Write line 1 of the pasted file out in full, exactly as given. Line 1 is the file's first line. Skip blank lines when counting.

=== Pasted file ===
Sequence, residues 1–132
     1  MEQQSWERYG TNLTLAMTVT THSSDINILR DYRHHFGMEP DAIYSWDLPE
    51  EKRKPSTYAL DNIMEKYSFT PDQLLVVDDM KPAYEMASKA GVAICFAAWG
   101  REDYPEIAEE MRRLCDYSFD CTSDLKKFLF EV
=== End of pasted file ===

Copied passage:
Sequence, residues 1–132